The debate between which is the best concept to approach commercial activity revolves around two concepts: Free Trade and Fair Trade. Free trade advocates for the reduction of barriers between countries and elimination of policies that favor countries of particular companies. On the other hand, Fair Trade campaigns for better wages and working conditions of labor for producers. I feel that fair trade is a better than free trade. Although free trade will increase economic growth, help to keep inflation at bay and reaffirm U.S. as world economic leader, free trade runs against the views of the public and political opinion. Free trade tends to favor big multinational and powerful business interests mainly at the expense of employees and less developed countries. Fair trade approach may contain a significant economic risk, but it is a more humanistic orientation. Fair trade will create opportunities for economically disadvantaged producers; this will help in poverty reduction in the nation. Fair trade targets marginalized people, for example, small-scale producers and enable them to have income security hence achieving economic self-sufficiency. Organizations practicing Fair Trade also ensures that the social and environmental well-being of vulnerable small producers is achieved without exploiting them for profits. Fair Trade is the better approach because it focuses on the individuals and business rather than trade policies between countries. Focusing on individuals and businesses enhances transparency and accountability. Businesses come up with suitable ways to involve employees, members and producers in the decision-making process. Participation in decision-making increases productivity in the business, reduces the operating costs and promotes teamwork. Free trade involves many parties between producer and final consumer while fair trade includes fewer parties. Fewer parties result in more direct trade and more profits due to the elimination of middlemen and add more consumers with disposable wages into the marketplace.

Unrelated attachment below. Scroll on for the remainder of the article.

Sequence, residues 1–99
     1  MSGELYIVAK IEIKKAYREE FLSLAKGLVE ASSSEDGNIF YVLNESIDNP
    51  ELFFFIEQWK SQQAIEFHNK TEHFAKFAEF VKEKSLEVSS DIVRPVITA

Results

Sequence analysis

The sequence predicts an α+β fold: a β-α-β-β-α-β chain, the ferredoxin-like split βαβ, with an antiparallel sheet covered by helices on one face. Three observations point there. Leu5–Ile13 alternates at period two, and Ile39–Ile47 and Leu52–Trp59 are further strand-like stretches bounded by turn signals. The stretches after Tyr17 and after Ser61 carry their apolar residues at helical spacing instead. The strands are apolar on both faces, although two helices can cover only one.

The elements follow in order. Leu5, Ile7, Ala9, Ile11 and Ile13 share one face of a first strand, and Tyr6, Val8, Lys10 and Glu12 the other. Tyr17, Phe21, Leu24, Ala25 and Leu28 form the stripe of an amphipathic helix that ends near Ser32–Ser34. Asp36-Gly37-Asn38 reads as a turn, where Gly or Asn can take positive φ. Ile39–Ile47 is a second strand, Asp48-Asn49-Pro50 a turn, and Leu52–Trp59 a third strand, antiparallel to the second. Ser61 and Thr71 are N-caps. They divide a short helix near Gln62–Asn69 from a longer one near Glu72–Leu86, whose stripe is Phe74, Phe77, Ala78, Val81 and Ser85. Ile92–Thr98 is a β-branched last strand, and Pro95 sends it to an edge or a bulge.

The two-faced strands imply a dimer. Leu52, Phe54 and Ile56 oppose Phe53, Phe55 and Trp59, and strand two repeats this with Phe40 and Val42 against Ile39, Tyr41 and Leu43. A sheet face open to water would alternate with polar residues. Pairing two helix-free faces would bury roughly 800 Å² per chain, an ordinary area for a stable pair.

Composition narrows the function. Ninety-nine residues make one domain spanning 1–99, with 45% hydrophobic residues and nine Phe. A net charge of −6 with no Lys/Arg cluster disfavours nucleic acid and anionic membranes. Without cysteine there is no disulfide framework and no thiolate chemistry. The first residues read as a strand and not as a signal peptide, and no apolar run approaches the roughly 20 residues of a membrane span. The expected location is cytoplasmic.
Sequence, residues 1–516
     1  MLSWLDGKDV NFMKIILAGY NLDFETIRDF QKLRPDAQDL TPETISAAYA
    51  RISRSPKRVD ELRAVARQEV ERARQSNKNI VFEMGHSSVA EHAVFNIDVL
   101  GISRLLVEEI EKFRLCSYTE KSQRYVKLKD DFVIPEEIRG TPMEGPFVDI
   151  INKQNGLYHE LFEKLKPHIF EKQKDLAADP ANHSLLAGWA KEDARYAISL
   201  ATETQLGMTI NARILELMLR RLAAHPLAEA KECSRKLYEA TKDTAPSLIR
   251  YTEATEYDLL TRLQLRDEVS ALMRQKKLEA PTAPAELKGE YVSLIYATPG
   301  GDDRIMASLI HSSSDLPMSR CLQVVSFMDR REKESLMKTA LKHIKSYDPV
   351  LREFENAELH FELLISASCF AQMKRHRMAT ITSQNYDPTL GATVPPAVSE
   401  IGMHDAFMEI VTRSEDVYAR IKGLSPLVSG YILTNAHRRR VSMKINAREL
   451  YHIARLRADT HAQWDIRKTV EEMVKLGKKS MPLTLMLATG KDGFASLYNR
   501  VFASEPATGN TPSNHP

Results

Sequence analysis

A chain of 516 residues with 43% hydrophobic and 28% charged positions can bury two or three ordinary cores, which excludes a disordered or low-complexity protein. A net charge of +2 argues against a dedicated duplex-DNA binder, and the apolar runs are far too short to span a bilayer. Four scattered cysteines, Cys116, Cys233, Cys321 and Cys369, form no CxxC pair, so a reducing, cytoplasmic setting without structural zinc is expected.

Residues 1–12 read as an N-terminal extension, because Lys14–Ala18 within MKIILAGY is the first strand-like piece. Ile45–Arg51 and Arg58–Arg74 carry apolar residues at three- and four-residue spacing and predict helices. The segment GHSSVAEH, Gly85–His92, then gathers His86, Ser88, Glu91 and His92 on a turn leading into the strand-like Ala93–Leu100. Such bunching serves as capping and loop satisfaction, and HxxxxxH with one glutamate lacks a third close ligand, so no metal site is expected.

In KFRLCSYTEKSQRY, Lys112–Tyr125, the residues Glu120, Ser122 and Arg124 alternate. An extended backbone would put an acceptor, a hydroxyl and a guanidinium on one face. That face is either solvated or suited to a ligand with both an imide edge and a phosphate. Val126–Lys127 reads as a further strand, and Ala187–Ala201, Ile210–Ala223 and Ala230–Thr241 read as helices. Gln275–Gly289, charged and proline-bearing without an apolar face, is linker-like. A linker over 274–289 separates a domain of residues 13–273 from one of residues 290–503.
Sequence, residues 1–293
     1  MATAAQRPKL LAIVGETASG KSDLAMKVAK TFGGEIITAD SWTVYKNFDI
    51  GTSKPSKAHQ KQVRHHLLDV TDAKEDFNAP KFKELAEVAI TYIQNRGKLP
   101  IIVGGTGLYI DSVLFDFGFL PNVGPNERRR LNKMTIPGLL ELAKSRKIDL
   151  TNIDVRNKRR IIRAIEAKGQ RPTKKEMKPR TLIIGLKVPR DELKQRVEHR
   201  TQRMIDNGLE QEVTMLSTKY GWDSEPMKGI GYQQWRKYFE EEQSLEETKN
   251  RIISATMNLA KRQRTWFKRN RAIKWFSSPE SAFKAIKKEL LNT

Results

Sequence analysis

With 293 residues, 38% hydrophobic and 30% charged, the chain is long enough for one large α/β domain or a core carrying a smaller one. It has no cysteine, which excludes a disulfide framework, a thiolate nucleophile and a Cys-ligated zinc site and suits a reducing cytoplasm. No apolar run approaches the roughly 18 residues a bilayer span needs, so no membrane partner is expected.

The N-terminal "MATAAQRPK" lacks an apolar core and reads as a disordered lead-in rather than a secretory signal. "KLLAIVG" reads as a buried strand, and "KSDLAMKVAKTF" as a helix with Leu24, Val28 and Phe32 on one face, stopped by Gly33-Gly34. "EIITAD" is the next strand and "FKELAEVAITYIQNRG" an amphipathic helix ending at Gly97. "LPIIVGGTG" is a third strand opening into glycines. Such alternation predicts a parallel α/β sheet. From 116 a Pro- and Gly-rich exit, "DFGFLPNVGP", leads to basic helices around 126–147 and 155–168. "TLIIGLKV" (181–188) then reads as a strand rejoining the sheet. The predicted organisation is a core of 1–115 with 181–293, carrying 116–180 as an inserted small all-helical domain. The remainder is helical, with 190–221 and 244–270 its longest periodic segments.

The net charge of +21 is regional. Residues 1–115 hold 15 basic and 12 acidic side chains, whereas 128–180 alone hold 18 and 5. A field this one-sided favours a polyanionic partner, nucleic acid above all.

Concept of Comparative Advantage
Comparative advantage pertains to the ability of a particular economic actor to produce a commodity or service at a lower opportunity cost than the other economic actors. Comparative advantage theory argues that if countries specialize in producing goods or service where they have a lower opportunity cost those countries will experience economic growth. When debating on free trade versus fair trade, its important to consider the concept of comparative advantage. Most countries open up to free trade because of the comparative advantages that come along with loosening its trading restrictions with another country. Ideally, in comparative advantage, free trade is a win-win situation because the countries involved can concentrate their efforts on the production of a certain product and service. This can maximize the countrys economic output and increase the financial growth for its citizens. But in most cases, as comparative advantage encourages and drives free trade it interferes and hinders fair trade. Considering that free trade is achieved through agreements between governments, there has been a trend where most free trade agreements are often between wealthy nations and powered nations. This inhibits fair trade because in most cases these trade agreements benefit the wealthy nation at the expense of these developing countries. The developing countries open up for social, economic and environmental exploitation by the wealthy country. Producers in developing nations lack social security and other methods to cushion them when the prices of their products are low. While on the other hand the wealthy forces their products in the poor countries market. This promotes inequality among the two countries and goes against the principles of fair trade.
Drezner, D., & Choices, C. P. (2006). US Trade Strategy. New York: Council on Foreign Relations.
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